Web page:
It squeaks when you eat it, doesn't melt and is indigenous to Cyprus. So how did a small Idaho cheese maker come to make an award-winning version of this very weird cheese?
"They experimented with it at a cheese-making training we went to in Wisconsin. It was awful," said Stacie Ballard of Ballard Family Dairy and Cheese.
The folks at Ballard spent two years trying to perfect the stuff. Judging by the cheese's popularity, it worked.
Traditional halloumi is made from sheep and goat milk and is cooked to about 180 degrees (Ballard's version is made with cow's milk). Its higher melting point means it can be fried or grilled, leading to some creative dishes.
Cubed and fried halloumi is a chewy, slightly salty addition to tossed salad. One chef serves the cooked Cypriot cheese in place of mozzarella in a caprese salad. Ballard has seen it grilled and skewered with fruit or served veggie burger-style on a bun with barbecue sauce. For an easy snack or appetizer, slice halloumi a quarter-inch thick and lemons as thin as possible and fry or grill both.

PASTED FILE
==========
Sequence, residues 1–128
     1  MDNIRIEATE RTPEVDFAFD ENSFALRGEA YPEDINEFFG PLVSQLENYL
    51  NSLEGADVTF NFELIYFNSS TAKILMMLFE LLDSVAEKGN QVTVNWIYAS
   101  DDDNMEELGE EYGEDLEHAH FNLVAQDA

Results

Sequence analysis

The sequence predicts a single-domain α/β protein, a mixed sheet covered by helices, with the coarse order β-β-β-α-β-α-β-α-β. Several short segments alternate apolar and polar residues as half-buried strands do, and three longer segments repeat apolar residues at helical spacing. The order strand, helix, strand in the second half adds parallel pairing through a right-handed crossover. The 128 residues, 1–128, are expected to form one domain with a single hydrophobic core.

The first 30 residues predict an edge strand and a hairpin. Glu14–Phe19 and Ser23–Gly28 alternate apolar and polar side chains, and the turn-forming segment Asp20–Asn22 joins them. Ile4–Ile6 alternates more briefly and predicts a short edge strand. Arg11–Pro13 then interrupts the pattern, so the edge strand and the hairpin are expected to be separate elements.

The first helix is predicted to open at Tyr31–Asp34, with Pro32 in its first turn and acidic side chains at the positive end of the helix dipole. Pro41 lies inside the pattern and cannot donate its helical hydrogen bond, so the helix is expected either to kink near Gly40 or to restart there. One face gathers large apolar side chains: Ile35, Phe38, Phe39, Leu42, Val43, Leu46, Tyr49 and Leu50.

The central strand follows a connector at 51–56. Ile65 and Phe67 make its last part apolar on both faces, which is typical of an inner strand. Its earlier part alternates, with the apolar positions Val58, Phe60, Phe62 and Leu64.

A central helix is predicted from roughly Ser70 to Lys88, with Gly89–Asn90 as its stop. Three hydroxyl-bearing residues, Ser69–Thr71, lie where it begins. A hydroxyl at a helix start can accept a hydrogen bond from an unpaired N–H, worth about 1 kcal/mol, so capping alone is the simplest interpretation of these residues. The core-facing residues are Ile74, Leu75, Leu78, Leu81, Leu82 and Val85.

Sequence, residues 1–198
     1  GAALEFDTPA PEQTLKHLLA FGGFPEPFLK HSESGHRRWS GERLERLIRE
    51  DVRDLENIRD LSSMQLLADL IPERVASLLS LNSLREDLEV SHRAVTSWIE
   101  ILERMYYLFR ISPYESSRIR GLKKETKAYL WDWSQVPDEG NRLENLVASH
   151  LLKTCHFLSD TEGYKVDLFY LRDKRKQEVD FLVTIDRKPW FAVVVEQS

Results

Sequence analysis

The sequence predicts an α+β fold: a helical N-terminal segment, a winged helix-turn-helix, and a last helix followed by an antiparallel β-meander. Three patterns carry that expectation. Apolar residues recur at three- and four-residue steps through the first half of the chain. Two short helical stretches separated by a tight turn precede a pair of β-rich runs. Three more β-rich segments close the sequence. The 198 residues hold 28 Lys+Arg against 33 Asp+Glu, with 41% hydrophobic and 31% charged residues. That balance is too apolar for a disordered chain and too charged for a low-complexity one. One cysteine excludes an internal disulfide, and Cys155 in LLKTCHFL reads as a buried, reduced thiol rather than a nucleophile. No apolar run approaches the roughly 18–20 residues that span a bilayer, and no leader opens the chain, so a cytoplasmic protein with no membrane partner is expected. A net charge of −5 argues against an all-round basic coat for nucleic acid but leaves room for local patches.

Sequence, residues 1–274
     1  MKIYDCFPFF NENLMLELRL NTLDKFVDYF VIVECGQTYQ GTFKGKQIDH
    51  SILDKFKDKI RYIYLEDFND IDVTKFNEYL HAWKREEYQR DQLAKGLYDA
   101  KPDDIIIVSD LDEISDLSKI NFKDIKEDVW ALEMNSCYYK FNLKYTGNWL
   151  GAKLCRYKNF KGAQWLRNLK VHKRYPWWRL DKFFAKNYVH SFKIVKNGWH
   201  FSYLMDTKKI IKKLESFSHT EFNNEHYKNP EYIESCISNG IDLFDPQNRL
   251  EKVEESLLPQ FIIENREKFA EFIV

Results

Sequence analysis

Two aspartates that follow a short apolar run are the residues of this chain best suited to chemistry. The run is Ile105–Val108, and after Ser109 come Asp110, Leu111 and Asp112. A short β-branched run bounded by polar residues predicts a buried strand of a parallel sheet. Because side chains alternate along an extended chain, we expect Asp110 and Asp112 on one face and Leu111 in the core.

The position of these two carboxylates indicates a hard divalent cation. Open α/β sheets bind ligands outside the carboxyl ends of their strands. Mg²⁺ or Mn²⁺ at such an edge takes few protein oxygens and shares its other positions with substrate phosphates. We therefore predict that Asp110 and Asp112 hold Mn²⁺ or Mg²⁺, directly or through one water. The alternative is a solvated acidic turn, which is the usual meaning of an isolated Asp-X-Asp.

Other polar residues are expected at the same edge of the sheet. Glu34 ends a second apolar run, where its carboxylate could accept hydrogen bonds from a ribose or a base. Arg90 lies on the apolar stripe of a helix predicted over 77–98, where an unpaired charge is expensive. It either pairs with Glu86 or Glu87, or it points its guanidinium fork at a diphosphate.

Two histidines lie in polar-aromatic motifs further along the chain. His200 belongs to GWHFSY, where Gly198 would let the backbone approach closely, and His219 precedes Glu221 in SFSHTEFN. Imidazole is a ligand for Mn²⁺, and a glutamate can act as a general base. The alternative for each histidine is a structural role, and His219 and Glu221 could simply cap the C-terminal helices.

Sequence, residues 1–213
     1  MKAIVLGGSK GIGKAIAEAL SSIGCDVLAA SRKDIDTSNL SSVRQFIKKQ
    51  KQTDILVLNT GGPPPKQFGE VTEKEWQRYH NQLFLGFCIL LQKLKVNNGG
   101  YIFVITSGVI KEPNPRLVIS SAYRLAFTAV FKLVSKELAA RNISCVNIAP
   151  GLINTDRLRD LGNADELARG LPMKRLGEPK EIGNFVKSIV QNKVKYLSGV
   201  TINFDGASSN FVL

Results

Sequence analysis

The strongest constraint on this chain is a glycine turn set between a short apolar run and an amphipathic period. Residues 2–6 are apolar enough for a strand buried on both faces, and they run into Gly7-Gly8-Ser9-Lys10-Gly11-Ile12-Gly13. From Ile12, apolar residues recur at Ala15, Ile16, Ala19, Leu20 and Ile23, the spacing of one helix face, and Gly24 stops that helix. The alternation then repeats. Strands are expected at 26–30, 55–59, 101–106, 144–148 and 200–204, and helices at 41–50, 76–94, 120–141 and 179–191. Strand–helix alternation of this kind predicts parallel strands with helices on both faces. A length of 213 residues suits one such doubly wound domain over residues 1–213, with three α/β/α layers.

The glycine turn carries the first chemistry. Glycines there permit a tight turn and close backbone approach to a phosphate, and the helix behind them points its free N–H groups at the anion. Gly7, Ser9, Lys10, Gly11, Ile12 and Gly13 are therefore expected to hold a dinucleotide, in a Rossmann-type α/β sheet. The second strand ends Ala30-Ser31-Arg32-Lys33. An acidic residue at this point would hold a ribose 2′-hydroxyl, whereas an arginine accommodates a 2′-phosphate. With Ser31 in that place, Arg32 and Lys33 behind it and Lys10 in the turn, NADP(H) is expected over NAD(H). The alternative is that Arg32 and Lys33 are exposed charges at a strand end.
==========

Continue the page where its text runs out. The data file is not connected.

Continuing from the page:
Berryhill and Co. and Bittercreek Ale House serve Ballard's version, called Golden Greek, as do restaurants in Jackson, Wyo., Sun Valley, Coeur d'Alene and Moscow. Golden Greek won a first-place award at the American Cheese Society meeting in 2007.
"It's been a fun cheese. People get really attached to it," said Ballard.
Find local or imported versions of the "fun cheese" at Boise Co-op or at Thana's Little World Market at 4101 W. Overland Road.